How to Calculate Beginning Inventory

Beginning inventory is one metric that helps you evaluate demand, check in on how you’re managing inventory, and plan for tax deductions. As such, being able to calculate beginning inventory and understand what this number means for the health of your business is essential.

Learn more about beginning inventory, how to use the beginning inventory formula, and what it means for your business’s finances in this post. If you’re still getting the hang of inventory management, we recommend taking the time to read through the entire guide.

What is Beginning Inventory?

Beginning inventory, or opening inventory, is the valuation of all inventory held by a business at the starting point of an accounting period. This value represents all the goods a business can put toward generating revenue. Beginning inventory is classified as a current asset and is an important aspect of inventory accounting.

Not sure how to calculate beginning inventory? We’ve got you covered. You can use the beginning inventory formula to better understand the value of inventory at the start of a new accounting period.

When Will You Use Beginning Inventory?

You’ll calculate beginning inventory at the start of an accounting period.

Being able to compare beginning inventory period over period can provide insights into business performance, such as inventory turnover and the value of your inventory. There are several reasons why knowing the value of beginning inventory can prove useful to your business, including:

  • Noting changes in demand: Any change to beginning inventory compared with the previous period usually signals a shift in the business. For instance, a lower beginning inventory count compared to the month prior could be a result of growing sales during the period. Higher beginning inventory could signal a downward trend in sales.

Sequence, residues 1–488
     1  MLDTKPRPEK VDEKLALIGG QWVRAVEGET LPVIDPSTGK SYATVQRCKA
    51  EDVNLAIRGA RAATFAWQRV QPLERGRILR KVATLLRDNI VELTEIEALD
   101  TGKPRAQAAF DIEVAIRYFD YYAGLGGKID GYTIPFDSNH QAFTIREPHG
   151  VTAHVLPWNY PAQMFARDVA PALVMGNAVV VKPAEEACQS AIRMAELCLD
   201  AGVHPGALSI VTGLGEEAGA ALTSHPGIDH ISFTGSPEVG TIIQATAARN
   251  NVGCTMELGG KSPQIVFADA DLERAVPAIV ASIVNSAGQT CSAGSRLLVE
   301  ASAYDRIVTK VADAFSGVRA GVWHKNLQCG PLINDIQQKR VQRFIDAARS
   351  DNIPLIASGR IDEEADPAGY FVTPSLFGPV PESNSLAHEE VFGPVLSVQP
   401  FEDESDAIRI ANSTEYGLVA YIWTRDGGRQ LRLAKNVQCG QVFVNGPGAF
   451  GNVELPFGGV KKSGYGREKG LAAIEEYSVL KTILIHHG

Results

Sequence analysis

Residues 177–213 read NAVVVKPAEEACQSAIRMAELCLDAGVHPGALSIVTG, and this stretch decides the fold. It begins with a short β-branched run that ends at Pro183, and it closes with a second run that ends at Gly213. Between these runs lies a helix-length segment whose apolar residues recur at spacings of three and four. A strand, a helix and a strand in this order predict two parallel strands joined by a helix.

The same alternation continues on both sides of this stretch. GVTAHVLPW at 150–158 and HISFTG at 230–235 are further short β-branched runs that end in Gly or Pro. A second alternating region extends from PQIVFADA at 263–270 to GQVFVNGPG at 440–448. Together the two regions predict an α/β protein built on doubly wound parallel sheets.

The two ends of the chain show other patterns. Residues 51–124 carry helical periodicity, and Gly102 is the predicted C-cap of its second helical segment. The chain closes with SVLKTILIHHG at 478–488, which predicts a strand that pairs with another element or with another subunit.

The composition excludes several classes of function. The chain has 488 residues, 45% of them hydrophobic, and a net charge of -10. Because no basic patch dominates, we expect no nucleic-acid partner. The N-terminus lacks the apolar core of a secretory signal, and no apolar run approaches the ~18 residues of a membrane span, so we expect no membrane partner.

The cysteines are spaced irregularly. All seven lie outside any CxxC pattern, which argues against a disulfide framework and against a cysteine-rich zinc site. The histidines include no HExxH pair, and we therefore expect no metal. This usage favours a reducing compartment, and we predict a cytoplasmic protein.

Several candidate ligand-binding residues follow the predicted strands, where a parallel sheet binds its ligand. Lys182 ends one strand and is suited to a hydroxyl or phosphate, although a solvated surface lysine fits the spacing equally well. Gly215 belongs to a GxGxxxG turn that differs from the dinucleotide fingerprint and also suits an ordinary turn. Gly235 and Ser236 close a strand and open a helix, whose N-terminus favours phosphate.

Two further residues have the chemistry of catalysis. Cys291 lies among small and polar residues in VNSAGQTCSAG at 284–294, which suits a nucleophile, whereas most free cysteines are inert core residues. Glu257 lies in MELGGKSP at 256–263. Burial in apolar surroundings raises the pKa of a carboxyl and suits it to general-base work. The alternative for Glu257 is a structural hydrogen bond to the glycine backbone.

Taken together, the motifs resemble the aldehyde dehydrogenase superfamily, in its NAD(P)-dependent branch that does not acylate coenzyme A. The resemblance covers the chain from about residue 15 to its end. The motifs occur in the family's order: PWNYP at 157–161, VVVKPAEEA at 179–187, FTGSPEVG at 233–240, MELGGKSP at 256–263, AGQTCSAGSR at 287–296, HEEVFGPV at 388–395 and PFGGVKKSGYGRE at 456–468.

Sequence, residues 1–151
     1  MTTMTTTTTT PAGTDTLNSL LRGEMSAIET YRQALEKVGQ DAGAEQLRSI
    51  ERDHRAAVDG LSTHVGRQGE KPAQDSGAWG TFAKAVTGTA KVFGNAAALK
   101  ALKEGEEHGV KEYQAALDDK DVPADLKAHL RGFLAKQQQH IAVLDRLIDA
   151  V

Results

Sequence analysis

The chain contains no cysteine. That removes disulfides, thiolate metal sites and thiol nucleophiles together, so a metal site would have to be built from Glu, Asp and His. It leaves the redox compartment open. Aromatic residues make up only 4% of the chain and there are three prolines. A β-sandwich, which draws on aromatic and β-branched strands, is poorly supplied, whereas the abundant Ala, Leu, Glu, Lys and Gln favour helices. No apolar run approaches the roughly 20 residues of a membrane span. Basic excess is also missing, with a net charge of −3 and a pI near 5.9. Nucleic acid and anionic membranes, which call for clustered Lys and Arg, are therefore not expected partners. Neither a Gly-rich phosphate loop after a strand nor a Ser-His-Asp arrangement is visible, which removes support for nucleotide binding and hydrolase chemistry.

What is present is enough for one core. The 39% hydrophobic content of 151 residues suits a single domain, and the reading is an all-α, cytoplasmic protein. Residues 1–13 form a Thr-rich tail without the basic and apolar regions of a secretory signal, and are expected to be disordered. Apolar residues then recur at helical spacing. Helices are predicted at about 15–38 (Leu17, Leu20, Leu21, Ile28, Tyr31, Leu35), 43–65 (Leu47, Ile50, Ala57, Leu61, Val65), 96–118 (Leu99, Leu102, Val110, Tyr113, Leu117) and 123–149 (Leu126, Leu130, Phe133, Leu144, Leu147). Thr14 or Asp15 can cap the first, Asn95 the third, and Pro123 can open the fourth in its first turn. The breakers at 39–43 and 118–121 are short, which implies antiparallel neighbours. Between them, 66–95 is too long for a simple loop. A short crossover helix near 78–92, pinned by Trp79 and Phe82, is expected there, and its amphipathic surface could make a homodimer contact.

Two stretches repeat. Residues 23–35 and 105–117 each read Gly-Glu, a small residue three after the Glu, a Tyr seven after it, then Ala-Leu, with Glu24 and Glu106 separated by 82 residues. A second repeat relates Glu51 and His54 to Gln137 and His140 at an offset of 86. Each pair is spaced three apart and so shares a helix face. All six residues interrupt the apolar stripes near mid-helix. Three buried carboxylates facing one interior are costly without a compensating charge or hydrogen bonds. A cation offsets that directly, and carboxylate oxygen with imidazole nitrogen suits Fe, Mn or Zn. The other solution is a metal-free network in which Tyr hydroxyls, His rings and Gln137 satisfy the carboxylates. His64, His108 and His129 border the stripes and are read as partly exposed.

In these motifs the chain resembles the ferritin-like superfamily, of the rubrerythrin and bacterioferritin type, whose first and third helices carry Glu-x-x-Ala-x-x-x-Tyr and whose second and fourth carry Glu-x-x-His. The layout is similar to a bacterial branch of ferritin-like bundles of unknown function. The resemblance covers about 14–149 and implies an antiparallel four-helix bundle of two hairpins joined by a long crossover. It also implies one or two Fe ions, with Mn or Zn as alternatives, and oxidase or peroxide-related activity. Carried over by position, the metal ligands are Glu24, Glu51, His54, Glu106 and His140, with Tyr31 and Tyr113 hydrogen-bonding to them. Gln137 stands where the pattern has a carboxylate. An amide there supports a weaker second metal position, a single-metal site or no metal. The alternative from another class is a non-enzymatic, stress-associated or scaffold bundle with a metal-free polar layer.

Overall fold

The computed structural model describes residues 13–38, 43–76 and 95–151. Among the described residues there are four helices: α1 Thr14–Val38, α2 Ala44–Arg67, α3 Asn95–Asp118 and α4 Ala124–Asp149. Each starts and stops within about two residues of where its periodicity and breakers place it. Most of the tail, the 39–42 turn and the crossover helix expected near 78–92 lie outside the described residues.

• Identifying inventory management issues: A greater number of units leftover than usual could indicate a breakdown in your inventory management process if you didn’t reorder sufficient stock. If you have little-to-no beginning inventory, it could indicate that you possibly over-ordered inventory during the previous period.
  • Highlighting supply chain issues: Similarly, having more or less stock than usual could be due to an issue in the supply chain. The case may be that your supplier didn’t fulfill your order correctly, or you only received a portion of your inventory purchases.
  • Preparing to file your taxes: If you can estimate your average inventory at the end of an accounting period and how much you’ll need in the following period, you can pre-purchase inventory. Doing this can lower your taxable income, which can help you reduce how much you owe.
  • Keeping an eye out for shrinkage: Shrinkage occurs when there’s a discrepancy between how much inventory should have been accounted for and what was actually accounted for. This is a problem for retailers and e-commerce wholesalers alike, and can occur due to human error, damaged products, or potentially stolen goods. While errors may happen occasionally, it’s important to keep an eye out for shrinkage patterns to ensure employees aren’t stealing merchandise.